Abstract 3640: Cardiac Atrophy in Women After 8 Weeks of Bed Rest Deconditioning
Background: Chronic exposure to microgravity by bed rest or spaceflight induces cardiac atrophy which leads to reduced standing stroke volume and orthostatic intolerance. However despite the fact that orthostatic intolerance appears worse in female astronauts as well as patient populations, most previous high resolution studies of cardiac morphology after microgravity were performed only in men. Since female athletes have less physiological hypertrophy than male athletes, we reasoned that they also might have less physiological cardiac atrophy after bed rest.
Methods: Magnetic resonance imaging (MRI) was performed in 24 healthy young women (32.1± 4yr.) to measure LV and RV mass, volumes and morphology accurately before and after 60 days of −6° head down tilt (HDT) bed rest. Subjects were matched and then randomly assigned to sedentary bed rest (N=8) or 2 control groups consisting of a) exercise training using supine treadmill running within lower body negative pressure plus resistive training (N=8); or b) protein supplementation (N=8; 0.6g/kg increase in protein long chain amino acids).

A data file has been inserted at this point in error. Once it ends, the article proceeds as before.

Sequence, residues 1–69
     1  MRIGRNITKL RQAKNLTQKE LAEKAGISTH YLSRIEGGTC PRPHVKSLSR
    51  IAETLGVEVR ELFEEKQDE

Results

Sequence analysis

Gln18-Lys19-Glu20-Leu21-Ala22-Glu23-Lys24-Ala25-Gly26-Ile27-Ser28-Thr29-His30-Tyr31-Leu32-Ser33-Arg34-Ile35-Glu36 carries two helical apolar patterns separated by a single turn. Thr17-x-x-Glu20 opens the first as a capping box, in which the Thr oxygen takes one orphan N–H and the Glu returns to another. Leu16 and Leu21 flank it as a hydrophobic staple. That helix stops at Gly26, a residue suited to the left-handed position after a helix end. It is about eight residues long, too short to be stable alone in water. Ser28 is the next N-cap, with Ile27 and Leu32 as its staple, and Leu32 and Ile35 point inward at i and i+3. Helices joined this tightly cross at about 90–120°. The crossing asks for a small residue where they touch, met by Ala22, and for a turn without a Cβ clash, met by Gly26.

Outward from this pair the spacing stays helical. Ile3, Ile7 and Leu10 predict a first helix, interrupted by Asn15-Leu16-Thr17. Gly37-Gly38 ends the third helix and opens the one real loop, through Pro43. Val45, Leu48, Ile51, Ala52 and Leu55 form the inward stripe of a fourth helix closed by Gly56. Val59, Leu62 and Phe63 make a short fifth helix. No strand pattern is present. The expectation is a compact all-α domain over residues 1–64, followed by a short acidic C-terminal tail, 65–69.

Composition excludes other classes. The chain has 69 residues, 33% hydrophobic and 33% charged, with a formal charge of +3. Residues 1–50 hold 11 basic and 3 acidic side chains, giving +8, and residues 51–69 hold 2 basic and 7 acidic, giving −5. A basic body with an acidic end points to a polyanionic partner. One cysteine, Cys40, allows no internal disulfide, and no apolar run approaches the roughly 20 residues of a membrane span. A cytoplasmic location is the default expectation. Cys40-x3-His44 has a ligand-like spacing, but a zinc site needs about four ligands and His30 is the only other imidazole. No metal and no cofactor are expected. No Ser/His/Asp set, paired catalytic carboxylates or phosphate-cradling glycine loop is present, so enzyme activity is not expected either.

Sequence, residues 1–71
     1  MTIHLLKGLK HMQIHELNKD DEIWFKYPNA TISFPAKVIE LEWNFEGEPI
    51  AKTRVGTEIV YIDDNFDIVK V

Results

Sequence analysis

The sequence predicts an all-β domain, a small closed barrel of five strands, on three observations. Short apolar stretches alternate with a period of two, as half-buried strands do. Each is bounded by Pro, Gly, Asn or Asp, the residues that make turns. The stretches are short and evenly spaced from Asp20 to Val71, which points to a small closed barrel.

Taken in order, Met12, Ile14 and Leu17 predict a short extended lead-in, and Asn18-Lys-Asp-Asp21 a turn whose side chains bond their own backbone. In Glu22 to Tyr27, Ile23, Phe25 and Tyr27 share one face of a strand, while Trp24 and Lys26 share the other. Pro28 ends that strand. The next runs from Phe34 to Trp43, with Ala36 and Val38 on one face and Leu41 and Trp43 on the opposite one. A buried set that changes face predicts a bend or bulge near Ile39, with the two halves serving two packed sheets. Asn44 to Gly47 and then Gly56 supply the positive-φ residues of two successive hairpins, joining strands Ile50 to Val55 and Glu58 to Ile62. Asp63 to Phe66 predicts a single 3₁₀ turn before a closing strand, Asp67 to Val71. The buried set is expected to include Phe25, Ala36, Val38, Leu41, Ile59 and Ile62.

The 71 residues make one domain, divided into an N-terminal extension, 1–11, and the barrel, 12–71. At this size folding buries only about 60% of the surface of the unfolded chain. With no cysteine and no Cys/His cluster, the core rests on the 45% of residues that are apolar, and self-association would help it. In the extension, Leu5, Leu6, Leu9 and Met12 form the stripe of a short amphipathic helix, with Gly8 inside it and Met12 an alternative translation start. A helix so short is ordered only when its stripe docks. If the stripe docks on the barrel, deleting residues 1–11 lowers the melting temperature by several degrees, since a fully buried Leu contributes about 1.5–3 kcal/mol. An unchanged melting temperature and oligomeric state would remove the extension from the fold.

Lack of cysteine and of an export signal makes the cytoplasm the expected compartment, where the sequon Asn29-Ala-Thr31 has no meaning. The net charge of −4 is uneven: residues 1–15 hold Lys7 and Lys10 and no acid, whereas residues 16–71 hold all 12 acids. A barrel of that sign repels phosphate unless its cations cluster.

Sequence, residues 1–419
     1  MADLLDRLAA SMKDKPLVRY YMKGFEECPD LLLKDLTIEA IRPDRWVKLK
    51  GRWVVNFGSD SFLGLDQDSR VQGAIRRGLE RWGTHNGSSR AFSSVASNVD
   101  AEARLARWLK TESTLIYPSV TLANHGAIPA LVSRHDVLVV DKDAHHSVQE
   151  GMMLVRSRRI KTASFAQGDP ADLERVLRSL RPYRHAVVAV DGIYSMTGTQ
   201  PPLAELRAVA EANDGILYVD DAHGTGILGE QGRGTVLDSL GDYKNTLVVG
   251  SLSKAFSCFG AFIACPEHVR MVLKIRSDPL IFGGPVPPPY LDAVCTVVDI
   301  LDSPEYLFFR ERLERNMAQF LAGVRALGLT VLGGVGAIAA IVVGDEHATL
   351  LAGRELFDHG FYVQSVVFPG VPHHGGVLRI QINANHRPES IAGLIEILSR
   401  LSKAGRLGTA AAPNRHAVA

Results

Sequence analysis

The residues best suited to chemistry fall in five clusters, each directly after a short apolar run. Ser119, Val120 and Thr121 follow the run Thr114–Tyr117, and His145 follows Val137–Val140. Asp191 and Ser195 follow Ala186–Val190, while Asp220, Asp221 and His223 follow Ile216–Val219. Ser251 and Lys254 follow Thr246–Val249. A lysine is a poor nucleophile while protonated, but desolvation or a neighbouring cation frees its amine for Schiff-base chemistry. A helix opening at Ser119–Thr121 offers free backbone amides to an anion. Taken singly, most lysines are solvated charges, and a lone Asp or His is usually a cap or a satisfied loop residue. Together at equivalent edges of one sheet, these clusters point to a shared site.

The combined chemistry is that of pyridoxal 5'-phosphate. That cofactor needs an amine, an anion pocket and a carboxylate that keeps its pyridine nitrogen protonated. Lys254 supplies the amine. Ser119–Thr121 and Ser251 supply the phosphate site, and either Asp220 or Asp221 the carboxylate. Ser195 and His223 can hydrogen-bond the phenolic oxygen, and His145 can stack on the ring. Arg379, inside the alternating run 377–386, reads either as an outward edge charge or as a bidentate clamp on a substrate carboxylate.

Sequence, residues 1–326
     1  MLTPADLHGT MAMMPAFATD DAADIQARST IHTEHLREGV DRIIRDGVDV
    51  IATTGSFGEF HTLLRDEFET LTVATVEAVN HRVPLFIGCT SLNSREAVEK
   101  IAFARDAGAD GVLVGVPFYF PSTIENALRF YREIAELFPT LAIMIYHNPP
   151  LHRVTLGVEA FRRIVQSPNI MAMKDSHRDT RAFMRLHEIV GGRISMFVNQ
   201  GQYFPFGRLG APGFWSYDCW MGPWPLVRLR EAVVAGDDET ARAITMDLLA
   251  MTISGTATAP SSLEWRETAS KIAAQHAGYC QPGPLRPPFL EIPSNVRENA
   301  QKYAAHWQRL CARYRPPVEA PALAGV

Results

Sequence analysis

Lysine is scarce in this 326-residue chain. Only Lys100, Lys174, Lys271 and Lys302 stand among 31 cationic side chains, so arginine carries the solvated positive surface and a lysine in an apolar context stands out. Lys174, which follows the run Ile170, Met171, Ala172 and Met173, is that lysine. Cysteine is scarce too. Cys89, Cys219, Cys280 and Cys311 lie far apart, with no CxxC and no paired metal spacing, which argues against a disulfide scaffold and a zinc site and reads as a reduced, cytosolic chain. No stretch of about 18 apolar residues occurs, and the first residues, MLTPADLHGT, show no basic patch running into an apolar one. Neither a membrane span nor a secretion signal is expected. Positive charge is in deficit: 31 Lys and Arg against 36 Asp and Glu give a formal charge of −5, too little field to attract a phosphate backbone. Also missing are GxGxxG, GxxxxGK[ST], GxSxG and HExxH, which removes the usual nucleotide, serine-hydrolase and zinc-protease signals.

Results: After sedentary bed rest without nutritional protein supplementation, there were significant reductions in LV (2.2 ± 0.2 to 2.0 ± 0.2 g/kg, P=0.001) and RV masses (0.8 ± 0.1 to 0.6 ± 0.1 g/kg, P<0.001), similar to what has been observed previously in men (8.0% Perhonen 2001; JAP 91:645–653). In contrast, there were significant increases in LV (1.9 ± 0.4 to 2.3 ± 0.3 g/kg, P<0.001) and RV masses (0.7 ± 0.1 to 0.8 ± 0.2 g/kg, P=0.002) in the exercise trained controls. Protein supplementation led to an intermediate phenotype with no change in LV or RV mass after bed rest.
Conclusions: Cardiac atrophy occurs in women similar to men following sedentary long term HDT bed rest. However, exercise training and to a lesser extent protein supplementation prevent the cardiac atrophy associated with microgravity simulated by strict bed rest.